To encourage the right contributions, employees need clear guidelines on what to share (and not share) as well as guidance on the best channels to use. In collaboration with KM champions or super-users out in the business, KM can convey simple rules of thumb on what’s worth communicating and where it’s best to post a particular update or question.

When employees are posting too much or in the wrong place, thank them for their contributions and redirect that enthusiasm to the right areas.
You may also want to designate certain outlets for social conversations so these don’t get mixed up with—and distract from—the critical work of the business. Establish some fun threads in your collaboration platform or host a virtual coffee break or happy hour for your team or department. Events like these help replicate the sense of community that many employees are likely missing right now, and they are a great place to redirect off-topic contributions.

While KM should help everyone, certain personnel—such as executives and subject matter
experts—may need specialized support right now. Many senior leaders have experience leading and communicating virtually, but others may be unfamiliar with the tools or skeptical of the benefits of using open channels like communities and enterprise social, instead of emailing or calling people directly. Encourage these key personnel to role-model good communication habits by using the same “rules of the road” as other employees.
Senior leaders will be extremely busy right now, so make it as easy for them as possible.

For example, a KM representative could speak with a leader for five minutes, translate her ideas into a blog post or message, and run it by her before posting it on her behalf. Without dictating to leaders, be ready with ideas and proposals where you can—There’s no better way to communicate the value of KM than by making an executive’s life a little easier during a stressful time.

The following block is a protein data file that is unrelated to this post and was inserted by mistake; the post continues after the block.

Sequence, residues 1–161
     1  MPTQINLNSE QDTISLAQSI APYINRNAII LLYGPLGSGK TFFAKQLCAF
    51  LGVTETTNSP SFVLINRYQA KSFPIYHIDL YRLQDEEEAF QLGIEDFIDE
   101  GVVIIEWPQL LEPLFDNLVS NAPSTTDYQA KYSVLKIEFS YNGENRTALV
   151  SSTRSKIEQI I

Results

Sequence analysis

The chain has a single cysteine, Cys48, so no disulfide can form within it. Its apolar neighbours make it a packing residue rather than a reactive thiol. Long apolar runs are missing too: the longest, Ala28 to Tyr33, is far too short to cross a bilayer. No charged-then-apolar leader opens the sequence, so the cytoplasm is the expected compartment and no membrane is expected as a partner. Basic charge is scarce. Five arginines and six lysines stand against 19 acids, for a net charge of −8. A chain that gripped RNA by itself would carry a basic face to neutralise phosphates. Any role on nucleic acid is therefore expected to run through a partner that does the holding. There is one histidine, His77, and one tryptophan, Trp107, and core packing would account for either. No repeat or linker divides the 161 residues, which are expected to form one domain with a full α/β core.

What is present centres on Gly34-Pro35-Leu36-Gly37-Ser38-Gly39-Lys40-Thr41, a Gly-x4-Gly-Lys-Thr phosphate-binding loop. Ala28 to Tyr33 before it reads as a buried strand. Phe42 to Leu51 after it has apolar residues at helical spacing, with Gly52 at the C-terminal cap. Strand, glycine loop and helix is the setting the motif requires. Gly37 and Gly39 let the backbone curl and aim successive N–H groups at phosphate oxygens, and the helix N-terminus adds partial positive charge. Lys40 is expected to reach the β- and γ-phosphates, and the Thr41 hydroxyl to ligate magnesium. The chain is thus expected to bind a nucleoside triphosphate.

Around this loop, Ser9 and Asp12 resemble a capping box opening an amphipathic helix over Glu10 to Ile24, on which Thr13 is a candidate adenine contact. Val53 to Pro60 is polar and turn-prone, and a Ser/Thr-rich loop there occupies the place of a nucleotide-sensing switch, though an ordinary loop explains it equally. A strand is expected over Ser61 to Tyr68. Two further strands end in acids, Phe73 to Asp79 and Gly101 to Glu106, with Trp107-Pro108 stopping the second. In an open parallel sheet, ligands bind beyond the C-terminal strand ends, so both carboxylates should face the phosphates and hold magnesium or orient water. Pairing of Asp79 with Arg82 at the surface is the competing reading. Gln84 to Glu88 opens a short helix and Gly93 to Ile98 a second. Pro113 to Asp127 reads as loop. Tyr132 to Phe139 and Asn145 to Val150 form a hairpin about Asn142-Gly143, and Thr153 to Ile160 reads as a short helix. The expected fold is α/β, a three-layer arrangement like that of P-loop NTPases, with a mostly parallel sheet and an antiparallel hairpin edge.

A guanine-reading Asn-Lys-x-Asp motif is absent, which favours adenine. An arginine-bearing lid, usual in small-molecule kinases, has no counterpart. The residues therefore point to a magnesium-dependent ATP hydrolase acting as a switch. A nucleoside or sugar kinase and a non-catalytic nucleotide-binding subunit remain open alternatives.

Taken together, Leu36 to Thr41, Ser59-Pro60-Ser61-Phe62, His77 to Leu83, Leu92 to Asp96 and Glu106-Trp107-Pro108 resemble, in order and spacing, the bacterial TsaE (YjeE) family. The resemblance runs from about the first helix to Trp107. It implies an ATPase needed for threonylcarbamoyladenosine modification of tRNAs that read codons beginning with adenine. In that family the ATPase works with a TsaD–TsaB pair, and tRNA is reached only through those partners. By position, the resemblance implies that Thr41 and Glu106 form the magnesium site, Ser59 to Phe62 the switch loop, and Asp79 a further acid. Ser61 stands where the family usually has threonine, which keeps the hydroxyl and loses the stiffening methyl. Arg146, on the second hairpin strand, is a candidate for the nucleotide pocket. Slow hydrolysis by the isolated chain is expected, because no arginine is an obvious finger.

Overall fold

Now more than ever, KM teams need their connections in the business to provide insight into urgent knowledge needs. Reach out to internal and external support networks, including your KM team members, KM champions in the business, partnering functions, executive advocates, and contacts at other organizations, all of whom can provide valuable guidance. There are already many organizations like Shopify with a primarily remote workforce, whose experiences offer important insights into effective collaboration among employees working from home.

This article is written by APQC in the document COVID-19 ORGANIZATIONAL SURVIVAL GUIDE, Featuring insights and strategies from APQC’s 5 major research areas.

APQC helps organizations work smarter, faster, and with greater confidence. It is the world’s foremost authority in benchmarking, best practices, process and performance improvement, and knowledge management. APQC’s unique structure as a member-based nonprofit makes it a differentiator in the marketplace. APQC partners with more than 500 member organizations worldwide in all industries. With more than 40 years of experience, APQC remains the world’s leader in transforming organizations. Visit us at, and learn how you can make best practices your practices.